Indigenous West Australians once used animal fat mixed together with finely ground red ochre wilgi as a treatment for a range of skin infections and wounds. Greasing the skin with a fatty unguent protected the skin from harmful ultraviolet rays of the sun, insulated the body from the cold and deterred biting insects. When animal fats were not available, plant oils such as sandalwood or quondong nut oil were used as substitutes.
The preparation of ochre according to Daisy Bates was a female occupation. The raw material was generally roasted in a fire to intensify its colour and greasiness, then crushed to a fine powder. The finely powdered ochre was then mixed with animal or vegetable fat to make wilgi. Ochre mixed with water was also used to treat skin infections and wounds, especially when fat was unavailable. In situations where no portable containers were available, the ochre, water and saliva were mixed together in the mouth and sprayed onto the affected part of the body.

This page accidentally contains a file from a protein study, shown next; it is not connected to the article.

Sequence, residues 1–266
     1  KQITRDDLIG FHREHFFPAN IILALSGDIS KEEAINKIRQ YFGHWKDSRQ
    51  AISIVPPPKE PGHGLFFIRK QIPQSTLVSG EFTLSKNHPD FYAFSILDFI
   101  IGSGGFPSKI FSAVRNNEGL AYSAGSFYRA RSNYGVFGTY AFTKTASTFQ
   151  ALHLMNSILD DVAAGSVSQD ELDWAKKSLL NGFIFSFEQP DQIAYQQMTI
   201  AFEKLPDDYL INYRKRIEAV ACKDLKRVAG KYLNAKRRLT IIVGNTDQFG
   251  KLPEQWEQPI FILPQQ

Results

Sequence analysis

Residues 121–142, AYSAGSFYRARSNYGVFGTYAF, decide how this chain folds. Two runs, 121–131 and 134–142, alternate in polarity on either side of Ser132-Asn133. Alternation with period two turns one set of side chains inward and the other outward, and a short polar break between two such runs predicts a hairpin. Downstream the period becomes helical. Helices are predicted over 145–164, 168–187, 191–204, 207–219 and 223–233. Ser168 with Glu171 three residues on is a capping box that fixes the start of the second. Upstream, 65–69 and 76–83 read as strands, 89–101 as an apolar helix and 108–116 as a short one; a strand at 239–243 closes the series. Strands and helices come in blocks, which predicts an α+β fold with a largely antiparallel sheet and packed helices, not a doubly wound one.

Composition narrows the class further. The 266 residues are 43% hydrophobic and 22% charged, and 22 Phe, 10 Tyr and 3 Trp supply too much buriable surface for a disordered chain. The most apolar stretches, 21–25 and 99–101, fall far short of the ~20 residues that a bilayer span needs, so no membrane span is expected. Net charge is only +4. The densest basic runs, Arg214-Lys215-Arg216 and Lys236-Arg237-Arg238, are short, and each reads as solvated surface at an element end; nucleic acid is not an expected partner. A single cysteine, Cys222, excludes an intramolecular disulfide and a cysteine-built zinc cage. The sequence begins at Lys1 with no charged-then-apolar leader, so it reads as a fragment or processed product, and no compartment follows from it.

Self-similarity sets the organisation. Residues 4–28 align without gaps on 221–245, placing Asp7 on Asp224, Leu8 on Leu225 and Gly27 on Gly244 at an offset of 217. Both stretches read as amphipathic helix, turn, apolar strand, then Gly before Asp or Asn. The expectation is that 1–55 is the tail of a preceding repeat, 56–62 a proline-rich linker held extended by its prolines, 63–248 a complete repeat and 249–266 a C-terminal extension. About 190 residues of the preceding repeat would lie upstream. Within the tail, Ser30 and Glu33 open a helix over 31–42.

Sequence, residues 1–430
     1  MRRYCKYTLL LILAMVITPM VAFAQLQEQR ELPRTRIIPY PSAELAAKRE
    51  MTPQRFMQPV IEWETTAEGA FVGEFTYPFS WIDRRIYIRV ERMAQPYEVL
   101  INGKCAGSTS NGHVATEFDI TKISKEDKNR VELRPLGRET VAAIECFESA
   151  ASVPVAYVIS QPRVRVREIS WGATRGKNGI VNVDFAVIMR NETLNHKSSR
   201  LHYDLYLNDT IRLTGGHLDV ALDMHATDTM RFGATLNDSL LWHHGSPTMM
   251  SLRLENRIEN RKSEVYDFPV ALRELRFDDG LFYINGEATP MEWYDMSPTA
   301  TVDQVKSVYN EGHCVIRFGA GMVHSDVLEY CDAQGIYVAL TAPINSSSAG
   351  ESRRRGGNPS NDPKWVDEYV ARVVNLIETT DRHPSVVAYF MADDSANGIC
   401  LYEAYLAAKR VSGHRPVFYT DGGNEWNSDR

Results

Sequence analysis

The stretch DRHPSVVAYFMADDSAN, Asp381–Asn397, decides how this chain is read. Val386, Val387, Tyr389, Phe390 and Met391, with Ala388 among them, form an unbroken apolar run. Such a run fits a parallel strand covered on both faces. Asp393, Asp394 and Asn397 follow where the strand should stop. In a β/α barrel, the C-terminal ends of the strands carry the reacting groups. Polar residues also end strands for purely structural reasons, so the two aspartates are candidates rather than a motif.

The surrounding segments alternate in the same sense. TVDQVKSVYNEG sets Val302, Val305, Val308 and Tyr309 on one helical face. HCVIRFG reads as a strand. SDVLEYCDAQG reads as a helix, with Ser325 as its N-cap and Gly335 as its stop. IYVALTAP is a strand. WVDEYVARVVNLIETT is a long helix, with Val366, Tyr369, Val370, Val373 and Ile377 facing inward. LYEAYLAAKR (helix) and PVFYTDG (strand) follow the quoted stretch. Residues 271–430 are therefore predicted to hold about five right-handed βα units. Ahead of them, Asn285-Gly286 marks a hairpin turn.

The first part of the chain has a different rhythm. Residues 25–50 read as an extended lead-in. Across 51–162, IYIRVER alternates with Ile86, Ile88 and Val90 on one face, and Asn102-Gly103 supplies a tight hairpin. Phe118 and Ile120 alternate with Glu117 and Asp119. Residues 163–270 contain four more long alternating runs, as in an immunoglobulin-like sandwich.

Finely powdered ochre mixed with Acacia ash was applied as a drying agent to suppurating wounds as well as fresh spear wounds. Nind (1831) describes the use of ochre, what he refers to as ‘a little dust, similar to what is used for pigment.’ This was probably efficacious in staunching the bleeding and disinfecting the wound.
‘They are very skilful in extracting the weapon, after which they apply a little dust, similar to what is used for pigment, and then bind the wound up tightly with soft bark.’ (Nind 1831 in Green 1979:43)
For more details, see our article https://anthropologyfromtheshed.com/project/ochre-an-ancient-health-giving-cosmetic/